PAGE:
Once you've mastered how to make perfect hard-boiled eggs, you need to learn how to peel hard-boiled eggs without making a mess of the egg white or getting the shell stuck under your nails. We’ve all been there — frustrated when we get chips of eggshell under our nails, digging in until our egg looks as traumatized as we feel. There has to be an easier way, right?!
You've boiled your eggs for egg salad, popped them in cold water to cool, and are ready to peel them. Only, they're impossible to peel and the shells have taken most of the whites along with them. To add insult to injury, the yolks are green, or worse, runny. Take the guesswork out of how to peel hard-boiled eggs by following these easy tips and tricks, then use a food writer's go-to hack for peeling large batches of hard-boiled eggs.
1. Use eggs that are not super fresh.
While it may sound counterintuitive, slightly older eggs are much easier to peel. If you buy your eggs from the supermarket, they're most likely old enough, as the USDA allows for 30 days at the factory, and another 30 days for the sell-by date. But if you buy them from the farmer's market or directly from a farmer, ask when they were laid. In that case, you may want to let them sit for a week or two.
Ryan's Heavenly Deviled Eggs by Ryan Scott
2. Start with boiling water.
For years I started my eggs in cold water, which usually worked fine, until I tried the boiling water method, which is nearly foolproof. Bring a pot of water to a rolling boil, lower the eggs gently (I find a steamer basket works great) and boil vigorously for 30 seconds. Reduce the heat to a gently simmer over low heat, cover with a lid and cook for another 10 minutes.
3. Shock in cold water and gently shake.
Immediately pour off the hot water, leaving the eggs in the pot. If you're using a steamer basket, carefully lift the basket and pour off the water. Return the eggs to the pot and gently shake it back and forth to lightly crack the shells. Immediately add cold water and a few ice cubes and let sit until cool enough to handle; it will take about five minutes to serve warm or 15 minutes to serve cold. The idea here is that cracking while warm and then cooling rapidly allows the cold water to shrink the whites just enough to separate them from the shells a bit.
4. Peel underwater.
Using your hands, peel the cracked and cooled eggs under running water (but that's wasteful) or directly in the ice water bath. The water seeps under the thin film that clings to the whites and helps release the shell.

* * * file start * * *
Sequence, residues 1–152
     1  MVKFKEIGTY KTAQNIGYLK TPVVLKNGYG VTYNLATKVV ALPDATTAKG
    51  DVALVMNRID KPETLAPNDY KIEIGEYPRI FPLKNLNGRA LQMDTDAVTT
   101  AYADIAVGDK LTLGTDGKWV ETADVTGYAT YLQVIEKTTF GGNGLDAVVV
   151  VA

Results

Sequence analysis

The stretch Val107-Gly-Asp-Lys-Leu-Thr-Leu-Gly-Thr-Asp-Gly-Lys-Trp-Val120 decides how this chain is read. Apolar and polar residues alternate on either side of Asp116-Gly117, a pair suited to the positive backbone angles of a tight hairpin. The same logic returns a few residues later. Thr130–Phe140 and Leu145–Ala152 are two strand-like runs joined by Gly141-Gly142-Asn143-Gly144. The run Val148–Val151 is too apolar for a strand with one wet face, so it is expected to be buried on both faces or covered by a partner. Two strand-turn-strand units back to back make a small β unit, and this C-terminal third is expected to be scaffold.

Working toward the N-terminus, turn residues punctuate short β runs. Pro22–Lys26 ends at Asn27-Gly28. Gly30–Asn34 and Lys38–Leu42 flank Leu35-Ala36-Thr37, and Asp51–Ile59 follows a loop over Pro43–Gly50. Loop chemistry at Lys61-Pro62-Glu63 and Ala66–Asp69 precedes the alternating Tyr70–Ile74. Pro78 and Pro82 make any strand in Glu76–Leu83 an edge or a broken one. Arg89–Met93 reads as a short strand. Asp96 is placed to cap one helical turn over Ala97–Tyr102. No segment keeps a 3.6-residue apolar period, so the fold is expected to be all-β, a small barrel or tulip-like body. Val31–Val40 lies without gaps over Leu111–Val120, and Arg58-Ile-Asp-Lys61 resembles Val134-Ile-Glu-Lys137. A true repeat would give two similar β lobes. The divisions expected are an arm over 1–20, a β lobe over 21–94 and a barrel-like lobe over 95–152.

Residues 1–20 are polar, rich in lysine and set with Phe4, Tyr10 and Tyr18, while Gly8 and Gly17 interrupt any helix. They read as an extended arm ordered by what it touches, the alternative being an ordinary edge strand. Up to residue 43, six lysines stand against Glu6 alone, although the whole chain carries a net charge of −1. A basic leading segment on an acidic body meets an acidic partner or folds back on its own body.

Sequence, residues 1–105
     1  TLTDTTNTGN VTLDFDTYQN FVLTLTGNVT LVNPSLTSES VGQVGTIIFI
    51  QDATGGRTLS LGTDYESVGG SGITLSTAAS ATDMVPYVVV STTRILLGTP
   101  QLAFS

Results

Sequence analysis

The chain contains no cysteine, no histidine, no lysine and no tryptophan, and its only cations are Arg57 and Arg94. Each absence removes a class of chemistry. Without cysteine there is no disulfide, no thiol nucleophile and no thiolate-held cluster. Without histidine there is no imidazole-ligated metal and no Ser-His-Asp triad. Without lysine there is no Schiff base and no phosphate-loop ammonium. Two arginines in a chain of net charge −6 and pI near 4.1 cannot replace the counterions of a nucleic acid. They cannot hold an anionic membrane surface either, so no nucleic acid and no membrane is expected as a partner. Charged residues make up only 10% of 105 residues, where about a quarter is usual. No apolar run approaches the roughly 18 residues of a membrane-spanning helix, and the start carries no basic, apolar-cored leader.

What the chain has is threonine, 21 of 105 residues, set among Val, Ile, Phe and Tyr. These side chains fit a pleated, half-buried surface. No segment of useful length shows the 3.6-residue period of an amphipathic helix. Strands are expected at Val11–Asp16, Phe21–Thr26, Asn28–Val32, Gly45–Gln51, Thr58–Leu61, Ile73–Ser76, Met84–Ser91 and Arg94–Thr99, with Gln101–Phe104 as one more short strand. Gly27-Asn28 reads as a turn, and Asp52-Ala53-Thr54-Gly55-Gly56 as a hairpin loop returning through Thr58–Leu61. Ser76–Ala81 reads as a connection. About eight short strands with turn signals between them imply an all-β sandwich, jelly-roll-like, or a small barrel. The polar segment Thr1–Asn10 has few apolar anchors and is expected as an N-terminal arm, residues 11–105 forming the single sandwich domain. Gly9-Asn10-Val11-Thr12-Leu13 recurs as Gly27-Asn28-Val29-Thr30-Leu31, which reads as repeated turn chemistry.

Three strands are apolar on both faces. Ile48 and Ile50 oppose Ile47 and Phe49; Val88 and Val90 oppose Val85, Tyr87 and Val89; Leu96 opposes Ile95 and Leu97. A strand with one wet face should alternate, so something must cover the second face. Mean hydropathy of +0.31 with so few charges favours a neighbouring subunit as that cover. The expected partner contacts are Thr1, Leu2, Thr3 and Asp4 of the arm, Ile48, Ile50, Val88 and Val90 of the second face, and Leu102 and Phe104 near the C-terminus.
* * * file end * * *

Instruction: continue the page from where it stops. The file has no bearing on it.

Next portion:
5. Use a spoon.
I saw this method on YouTube and had to try it for myself. Crack the eggs at the fat end and peel a tiny bit with your fingers. Slip a spoon under the shell so that the curve of the spoon follows the curve of the egg. Rotate the egg and move the spoon to release the shell. This is a great method if you're only peeling a few eggs.
Pickled Dyed Eggs Four Ways by Casey Barber
6. For large batches, place the eggs in a plastic container with some water and gently shake.
Food writer Alessandra Bulow peels over 60 eggs every spring for her family's Passover seder and randomly learned her top method from a Japanese game show. Here's her hack for how to peel hard-boiled eggs in large batches: Put five thoroughly cooled hard-boiled eggs into a small plastic container with some cold water, top with the lid and then gently rock and shake until the shells break and fall away. You'll almost always end up with perfectly peeled eggs. Repeat with the remaining eggs. This method works best when the eggs are thoroughly cooled and cooked using all of the above tips.
Bonus: A cool gadget to help make perfect hard-boiled eggs.
The one I like best is the Exact Egg Boiler from Casabella. It's like a steamer basket with an attached egg timer that fits inside a large saucepan. The timer changes color to reflect the level of doneness. It has a handle that functions as a funnel to distribute cold running water onto the eggs. While the eggs were perfectly cooked, I couldn't walk away from the stove for more than a few minutes at a time for fear of overcooking. After a second batch, I set my timer after the water came to a rolling boil to see exactly when the timer registered hard-cooked — about 8 minutes.
While it's not an eggs-act science (sorry!), by following these simple steps, your egg-cooking and peeling eggs-perience (ugh, sorry again!) will be a better one.